CFP: Future Literature, Future Art 2 (Poland) (11/17/06; 11/30/06-12/2/06)
2nd Global Conference
Future Literature, Future Art: Probing the Boundaries of Criticism
Thursday 30th November - Saturday 2nd December 2006
Call for Papers
(please cross post where appropriate)
This conference aims to take stock of the genealogy of current literary and artistic practices and their critical adjuncts with a view to speculating on future developments in both literature, art and criticism. An inter-disciplinary approach will be adopted so as to provide the basis for dialogue between the various disciplines currently inputting into literary, artistic and critical production.
With respect to literature, the relationship between literature and criticism has undergone radicalisation in the last century. The very clarity of the distinction between the two has become problematic, with various kinds of fusions and blurrings between the two coming to the fore. While many cite the crucial juncture as the Surrealists' transdisciplinary aesthetic, it is possible to trace the source of the revolution in literature and criticism back to key texts such Lautréamont's Maldoror and to the Symbolist emphasis on a more conceptual approach to literary production. While, in Germany, Heidegger developed an enigmatic aesthetic through oblique readings of Trakl and Hölderlin amongst others, in France this radicalisation of literary and critical practice was intensified through movements such as Dada, Oulipo and figures such as Bataille, Blanchot, Leiris and Roussel. In the '70s, this tendency was developed through the work of Tel Quel. Many of the figures associated !
with Tel Quel, such as Derrida and Kristeva, have maintained this influence to the present. Meanwhile, the more recent upsurge of interest in Deleuze's critical work on literature has opened up this problematic to English language texts, such as those of Melville, Lewis Carroll and Scott-Fitzgerald. This also reveals the possibility of reading a different Anglo-American genealogy for our problematic, through figures such as the Beats, De Lillo, Pynchon, Amis and Roth.
With respect to art, similar questions of the status of the art work and conflicting fundamental paradigms apply as in the case of literature. Since Duchamp, the question 'what is art?' has become constitutive of art practice in an unprecedented way, linking the diverse movements of Dada, Pop, Fluxus, Minimalism and Conceptual art amongst others. Some see recent art practice as a return to more empirical concerns while others see it as an extension and intensification of the question 'what is art?' What links, for example, the work of a Paul McCarthy to a Tracey Emin, if anything? Or Balthus and Bruce Nauman? Can we place under one genre performance art, video art, figurative painting, abstract painting, photography, digital art? Central here are the questions of the relation between postmodern art and modernism and the issue of the lingering influence of Romantic paradigms on art in a supposedly post-Romantic age. This conference attempts to address such questions through !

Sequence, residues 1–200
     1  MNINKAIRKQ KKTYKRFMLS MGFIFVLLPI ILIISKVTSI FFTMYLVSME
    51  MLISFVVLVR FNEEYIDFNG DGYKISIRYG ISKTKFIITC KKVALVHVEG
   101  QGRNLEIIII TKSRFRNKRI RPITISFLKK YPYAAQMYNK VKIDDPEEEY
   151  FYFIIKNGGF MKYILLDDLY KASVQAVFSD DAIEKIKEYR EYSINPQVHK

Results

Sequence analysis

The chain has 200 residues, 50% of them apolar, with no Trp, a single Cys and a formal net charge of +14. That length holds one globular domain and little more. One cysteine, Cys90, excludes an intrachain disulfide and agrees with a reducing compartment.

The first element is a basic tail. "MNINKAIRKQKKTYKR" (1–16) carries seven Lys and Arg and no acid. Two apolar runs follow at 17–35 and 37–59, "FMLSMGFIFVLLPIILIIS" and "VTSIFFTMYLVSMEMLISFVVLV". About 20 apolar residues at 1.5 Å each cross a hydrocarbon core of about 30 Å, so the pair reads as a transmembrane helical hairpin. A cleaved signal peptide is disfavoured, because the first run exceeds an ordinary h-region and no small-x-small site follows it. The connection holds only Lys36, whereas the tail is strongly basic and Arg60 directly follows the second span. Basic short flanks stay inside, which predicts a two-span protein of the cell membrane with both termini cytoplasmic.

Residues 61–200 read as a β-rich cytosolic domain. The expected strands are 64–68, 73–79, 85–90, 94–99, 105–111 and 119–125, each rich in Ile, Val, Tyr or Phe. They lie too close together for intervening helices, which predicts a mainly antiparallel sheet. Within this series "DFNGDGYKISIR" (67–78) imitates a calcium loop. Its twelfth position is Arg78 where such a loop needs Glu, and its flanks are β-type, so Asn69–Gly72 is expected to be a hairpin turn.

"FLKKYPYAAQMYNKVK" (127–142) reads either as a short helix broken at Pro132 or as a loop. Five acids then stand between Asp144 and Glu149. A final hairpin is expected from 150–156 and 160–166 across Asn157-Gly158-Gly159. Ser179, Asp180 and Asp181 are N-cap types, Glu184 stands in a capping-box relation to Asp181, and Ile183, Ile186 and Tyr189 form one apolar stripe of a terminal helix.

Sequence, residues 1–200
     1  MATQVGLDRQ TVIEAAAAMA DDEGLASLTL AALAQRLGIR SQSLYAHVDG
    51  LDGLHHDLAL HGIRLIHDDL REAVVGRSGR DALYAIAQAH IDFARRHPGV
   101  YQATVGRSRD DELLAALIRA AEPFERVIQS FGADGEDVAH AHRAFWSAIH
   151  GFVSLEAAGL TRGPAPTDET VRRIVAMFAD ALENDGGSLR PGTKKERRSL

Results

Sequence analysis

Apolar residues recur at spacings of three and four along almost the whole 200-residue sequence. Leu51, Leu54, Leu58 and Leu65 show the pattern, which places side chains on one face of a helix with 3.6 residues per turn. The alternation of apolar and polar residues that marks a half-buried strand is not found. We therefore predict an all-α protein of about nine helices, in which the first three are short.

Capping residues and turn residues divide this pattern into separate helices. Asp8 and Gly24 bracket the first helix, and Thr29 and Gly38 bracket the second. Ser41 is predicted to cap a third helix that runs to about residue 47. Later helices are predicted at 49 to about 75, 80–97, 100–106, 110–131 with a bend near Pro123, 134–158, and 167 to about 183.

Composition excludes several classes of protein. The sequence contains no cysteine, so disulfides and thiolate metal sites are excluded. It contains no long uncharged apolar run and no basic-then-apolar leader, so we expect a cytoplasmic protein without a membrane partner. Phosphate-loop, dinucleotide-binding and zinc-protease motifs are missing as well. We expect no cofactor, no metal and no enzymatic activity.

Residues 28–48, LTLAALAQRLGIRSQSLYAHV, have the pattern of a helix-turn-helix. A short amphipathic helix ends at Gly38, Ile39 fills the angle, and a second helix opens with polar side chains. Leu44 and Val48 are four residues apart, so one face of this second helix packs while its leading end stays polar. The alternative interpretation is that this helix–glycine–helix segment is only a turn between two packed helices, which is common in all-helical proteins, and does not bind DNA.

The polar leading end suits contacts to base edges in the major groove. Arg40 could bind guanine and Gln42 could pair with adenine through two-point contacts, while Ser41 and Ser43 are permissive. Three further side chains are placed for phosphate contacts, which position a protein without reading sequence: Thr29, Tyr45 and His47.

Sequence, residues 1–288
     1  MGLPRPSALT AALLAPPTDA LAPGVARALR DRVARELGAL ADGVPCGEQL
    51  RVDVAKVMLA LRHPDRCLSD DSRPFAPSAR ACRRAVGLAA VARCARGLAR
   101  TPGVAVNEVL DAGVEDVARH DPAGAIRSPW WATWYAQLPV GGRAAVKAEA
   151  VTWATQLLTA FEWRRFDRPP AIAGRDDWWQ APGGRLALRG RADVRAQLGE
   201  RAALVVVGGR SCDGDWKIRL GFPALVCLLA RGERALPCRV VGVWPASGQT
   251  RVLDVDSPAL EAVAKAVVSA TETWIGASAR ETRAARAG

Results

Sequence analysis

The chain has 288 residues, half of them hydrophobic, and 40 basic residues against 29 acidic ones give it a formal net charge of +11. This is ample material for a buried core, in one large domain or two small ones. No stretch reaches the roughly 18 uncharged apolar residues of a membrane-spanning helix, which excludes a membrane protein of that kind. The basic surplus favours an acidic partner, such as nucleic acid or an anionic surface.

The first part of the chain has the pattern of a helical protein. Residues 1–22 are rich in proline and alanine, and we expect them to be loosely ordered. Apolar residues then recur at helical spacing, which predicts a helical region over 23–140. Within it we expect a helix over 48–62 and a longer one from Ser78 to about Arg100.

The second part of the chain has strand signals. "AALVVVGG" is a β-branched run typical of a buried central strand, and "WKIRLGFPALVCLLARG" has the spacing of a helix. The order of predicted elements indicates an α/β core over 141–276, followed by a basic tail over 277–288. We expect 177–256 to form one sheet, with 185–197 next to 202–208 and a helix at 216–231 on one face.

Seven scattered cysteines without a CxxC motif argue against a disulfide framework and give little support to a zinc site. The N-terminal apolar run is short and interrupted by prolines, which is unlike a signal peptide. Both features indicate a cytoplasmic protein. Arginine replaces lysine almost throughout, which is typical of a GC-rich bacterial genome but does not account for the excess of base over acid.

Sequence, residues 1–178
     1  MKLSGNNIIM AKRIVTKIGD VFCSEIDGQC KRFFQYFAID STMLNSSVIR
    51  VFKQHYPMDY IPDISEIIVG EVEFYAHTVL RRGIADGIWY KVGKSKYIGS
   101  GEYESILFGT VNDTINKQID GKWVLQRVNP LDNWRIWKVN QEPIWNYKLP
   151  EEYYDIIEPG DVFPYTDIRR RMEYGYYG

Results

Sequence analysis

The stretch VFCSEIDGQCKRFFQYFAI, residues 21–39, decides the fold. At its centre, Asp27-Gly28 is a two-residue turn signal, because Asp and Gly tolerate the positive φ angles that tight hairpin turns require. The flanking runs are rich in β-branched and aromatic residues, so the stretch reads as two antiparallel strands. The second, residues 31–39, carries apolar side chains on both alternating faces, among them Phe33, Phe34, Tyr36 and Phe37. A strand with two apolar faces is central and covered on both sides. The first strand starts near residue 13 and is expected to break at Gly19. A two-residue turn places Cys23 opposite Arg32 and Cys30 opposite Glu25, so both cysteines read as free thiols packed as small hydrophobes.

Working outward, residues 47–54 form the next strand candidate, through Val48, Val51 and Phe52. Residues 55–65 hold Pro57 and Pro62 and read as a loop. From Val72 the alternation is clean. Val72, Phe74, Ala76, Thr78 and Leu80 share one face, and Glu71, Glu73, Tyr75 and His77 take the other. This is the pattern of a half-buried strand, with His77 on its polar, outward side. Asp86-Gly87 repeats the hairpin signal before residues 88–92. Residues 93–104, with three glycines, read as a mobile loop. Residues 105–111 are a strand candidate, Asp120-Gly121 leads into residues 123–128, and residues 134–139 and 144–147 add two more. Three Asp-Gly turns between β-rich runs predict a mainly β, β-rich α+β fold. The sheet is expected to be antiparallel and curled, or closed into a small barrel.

a focus on the concept of 'future art' and papers are welcome on these and related themes. As Hans Richter said of Dada, 'our real motive force was not rowdiness for its own sake, or contradiction or revolt in themselves, but the question (basic then, as it is now), 'where next?'
Papers, workshops, reports, and presentations are invited on any of these other related themes. 300 word abstracts should be submitted by Friday 22nd September 2006. Full draft papers should be submitted by Friday 17th November 2006.
All papers accepted for and presented at this conference will be published in an ISBN eBook. Selected papers accepted for and presented at the conference will be published in a themed hard copy volume.
Papers should be submitted to the organising committee as an email attachment in Word or WordPerfect; abstracts can also be submitted in the body of the email text rather than as an attachment.
Dr Jones Irwin
St Patrick's College
Dr Rob Fisher
Freeland, Oxfordshire OX29 8HR
The conference is part of the 'Probing the Boundaries' programme of research projects. It aims to bring together people from different areas and interests to share ideas and explore various discussions which are innovative and exciting.
For further details about the project, please visit:
For further details about the conference, please visit:
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or write Jennifer Higginbotham: higginbj_at_english.upenn.edu
Received on Fri Aug 11 2006 - 15:28:38 EDT